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Natural Perspectives: Invertebrate 'hunting' provides good biology lesson

August 10, 2011|By Vic Leipzig and Lou Murray
(Courtesy Vic Leipzig )

Vic and I searched for marine invertebrates at the Bolsa Chica Ecological Reserve last week. Accompanying us were 18 young men and women from the Orange County Conservation Corps. Our task was to collect a variety of marine invertebrates for docents at the Bolsa Chica Conservancy to take to a group of kindergarten classes later that morning.

Although it is a lot of fun to catch these critters, I should point out that collecting animals from the ecological reserve generally is not allowed. We were working under a permit issued to the Bolsa Chica Conservancy. The crabs, snails and other critters were removed from the reserve for only a short time and treated with special care. We put them into buckets of seawater, which were then put into ice chests with ice packs to keep them cool. After the animals had served their educational purpose, they were returned unharmed to the wetlands.

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A valuable by-product of the assignment was that Vic and I explained something about the biology of each invertebrate to the corps members as they collected them. So in addition to educating kindergartners, the marine critters also educated the corps members. In fact, the teachers at the John Muir Charter School that the corps members attend after work gave them two hours science credit for the morning's activity.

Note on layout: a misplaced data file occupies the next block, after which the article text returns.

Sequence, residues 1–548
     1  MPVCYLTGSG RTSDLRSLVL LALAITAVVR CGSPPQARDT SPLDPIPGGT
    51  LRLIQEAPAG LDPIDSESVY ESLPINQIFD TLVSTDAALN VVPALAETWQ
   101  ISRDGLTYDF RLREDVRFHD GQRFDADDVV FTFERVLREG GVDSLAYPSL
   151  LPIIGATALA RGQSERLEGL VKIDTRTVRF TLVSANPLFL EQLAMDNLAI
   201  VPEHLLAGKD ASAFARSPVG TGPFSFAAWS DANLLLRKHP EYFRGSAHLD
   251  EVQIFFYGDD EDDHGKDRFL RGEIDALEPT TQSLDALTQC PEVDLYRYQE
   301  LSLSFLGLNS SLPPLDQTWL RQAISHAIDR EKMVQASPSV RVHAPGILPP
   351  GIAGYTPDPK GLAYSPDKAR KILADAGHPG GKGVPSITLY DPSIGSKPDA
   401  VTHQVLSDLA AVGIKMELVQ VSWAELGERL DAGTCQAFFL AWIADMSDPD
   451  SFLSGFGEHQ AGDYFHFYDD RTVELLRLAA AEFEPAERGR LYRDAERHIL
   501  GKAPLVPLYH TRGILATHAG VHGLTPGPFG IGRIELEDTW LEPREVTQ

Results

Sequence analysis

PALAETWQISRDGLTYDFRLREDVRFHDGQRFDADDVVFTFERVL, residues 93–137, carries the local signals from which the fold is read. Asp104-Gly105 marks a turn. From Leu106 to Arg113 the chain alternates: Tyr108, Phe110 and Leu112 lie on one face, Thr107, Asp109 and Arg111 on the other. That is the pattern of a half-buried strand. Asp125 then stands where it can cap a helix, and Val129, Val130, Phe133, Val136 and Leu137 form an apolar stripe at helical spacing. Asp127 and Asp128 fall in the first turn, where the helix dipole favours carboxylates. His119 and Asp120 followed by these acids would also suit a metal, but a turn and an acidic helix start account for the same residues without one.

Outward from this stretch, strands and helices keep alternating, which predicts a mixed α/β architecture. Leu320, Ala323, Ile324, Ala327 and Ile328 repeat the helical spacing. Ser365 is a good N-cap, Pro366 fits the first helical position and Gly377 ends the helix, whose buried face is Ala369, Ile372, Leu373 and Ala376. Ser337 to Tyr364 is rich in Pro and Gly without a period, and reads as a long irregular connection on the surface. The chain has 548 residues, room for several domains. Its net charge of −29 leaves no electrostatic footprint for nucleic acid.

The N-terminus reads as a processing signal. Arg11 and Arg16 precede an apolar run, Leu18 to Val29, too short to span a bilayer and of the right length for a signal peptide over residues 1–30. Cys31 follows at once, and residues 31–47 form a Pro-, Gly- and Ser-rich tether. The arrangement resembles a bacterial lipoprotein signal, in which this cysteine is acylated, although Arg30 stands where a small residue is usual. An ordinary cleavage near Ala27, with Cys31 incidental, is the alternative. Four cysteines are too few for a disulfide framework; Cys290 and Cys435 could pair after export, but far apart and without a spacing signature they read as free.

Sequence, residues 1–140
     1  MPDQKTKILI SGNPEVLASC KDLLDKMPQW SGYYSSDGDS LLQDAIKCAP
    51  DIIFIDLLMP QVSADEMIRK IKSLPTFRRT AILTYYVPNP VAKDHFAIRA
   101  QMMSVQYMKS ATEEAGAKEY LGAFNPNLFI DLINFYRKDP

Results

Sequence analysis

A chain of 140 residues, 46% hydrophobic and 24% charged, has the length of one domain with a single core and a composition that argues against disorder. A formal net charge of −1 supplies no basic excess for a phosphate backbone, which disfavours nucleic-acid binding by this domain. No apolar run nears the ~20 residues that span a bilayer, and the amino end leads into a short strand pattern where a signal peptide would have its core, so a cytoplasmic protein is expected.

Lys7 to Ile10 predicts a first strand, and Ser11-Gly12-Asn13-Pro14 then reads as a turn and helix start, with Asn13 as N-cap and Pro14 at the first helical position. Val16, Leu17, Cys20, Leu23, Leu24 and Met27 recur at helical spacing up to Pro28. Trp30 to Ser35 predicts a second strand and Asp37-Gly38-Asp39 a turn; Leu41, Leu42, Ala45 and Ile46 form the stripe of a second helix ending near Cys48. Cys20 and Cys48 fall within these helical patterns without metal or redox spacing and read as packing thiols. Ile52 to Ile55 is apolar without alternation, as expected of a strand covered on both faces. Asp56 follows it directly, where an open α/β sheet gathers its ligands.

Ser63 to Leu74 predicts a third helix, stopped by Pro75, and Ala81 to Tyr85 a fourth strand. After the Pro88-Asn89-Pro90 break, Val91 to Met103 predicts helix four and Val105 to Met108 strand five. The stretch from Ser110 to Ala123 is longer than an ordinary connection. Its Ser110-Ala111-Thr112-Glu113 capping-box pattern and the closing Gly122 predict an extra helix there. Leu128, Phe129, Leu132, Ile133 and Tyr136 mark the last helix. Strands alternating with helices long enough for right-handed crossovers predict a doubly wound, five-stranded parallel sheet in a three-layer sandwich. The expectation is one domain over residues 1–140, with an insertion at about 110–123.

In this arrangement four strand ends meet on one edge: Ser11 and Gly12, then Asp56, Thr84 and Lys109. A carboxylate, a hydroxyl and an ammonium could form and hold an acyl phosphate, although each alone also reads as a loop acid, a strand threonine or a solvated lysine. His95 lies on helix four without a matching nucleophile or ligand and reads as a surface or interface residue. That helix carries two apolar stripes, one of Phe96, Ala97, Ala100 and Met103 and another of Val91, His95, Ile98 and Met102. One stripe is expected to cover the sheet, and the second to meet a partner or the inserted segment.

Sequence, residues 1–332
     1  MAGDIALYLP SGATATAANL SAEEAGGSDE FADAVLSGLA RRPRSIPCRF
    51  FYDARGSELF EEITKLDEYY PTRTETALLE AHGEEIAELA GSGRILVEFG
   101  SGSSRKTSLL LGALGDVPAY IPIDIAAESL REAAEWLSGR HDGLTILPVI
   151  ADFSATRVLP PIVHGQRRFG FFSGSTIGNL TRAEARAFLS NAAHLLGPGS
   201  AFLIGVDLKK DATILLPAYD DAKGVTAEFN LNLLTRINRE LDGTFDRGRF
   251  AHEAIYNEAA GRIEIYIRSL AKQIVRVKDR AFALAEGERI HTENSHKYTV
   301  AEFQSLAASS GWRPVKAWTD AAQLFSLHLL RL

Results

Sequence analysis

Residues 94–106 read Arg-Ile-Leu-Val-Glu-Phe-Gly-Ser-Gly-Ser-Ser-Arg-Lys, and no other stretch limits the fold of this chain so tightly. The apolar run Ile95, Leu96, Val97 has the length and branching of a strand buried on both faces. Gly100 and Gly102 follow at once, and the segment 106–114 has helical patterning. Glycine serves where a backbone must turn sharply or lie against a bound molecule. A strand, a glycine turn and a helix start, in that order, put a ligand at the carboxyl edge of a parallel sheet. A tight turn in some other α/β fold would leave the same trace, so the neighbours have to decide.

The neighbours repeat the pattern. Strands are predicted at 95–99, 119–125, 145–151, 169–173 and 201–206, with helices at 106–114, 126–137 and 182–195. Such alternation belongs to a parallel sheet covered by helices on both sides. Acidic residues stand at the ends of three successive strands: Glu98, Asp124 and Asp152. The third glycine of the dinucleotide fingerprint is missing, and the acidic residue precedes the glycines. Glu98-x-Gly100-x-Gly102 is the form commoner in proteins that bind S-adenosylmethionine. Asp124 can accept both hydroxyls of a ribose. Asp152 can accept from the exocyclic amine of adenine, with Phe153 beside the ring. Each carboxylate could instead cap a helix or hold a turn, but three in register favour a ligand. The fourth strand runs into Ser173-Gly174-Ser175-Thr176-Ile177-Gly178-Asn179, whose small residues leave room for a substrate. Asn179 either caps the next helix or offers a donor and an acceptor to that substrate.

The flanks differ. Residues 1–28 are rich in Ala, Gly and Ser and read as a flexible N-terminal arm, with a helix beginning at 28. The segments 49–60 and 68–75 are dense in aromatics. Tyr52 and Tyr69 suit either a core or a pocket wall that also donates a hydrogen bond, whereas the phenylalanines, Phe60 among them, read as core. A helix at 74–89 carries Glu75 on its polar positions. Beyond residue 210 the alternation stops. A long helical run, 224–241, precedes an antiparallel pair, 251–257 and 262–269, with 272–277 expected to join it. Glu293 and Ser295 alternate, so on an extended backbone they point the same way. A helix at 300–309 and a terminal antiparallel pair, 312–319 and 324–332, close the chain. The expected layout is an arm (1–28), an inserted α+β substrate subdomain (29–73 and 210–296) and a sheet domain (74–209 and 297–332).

Vic and I arrived at the wetlands about 7 a.m. at low tide to set a crab trap. I baited it with a frozen squid. I keep a bag of squid in the freezer, because I never know when I might need one. I bought some squid at a bait shop a couple of years ago, spread them out on a cookie sheet and froze them. Once they were frozen, I put them into a bag in the freezer so it would be easy to take them out one at a time. But over time, they had become stuck together. I had to chisel one apart from the smelly block of squid with an ice pick. What a way to start the morning.

We tossed the baited crab trap into the water, tying a thick string from the trap to a secure post on land so it wouldn't float away on the tide. The trap has a narrow conical opening at the end of a funnel on both ends. The crabs are supposed to find their way into the trap to get the squid, but are then unable to find their way back out. Sometimes it works, and sometimes it doesn't.

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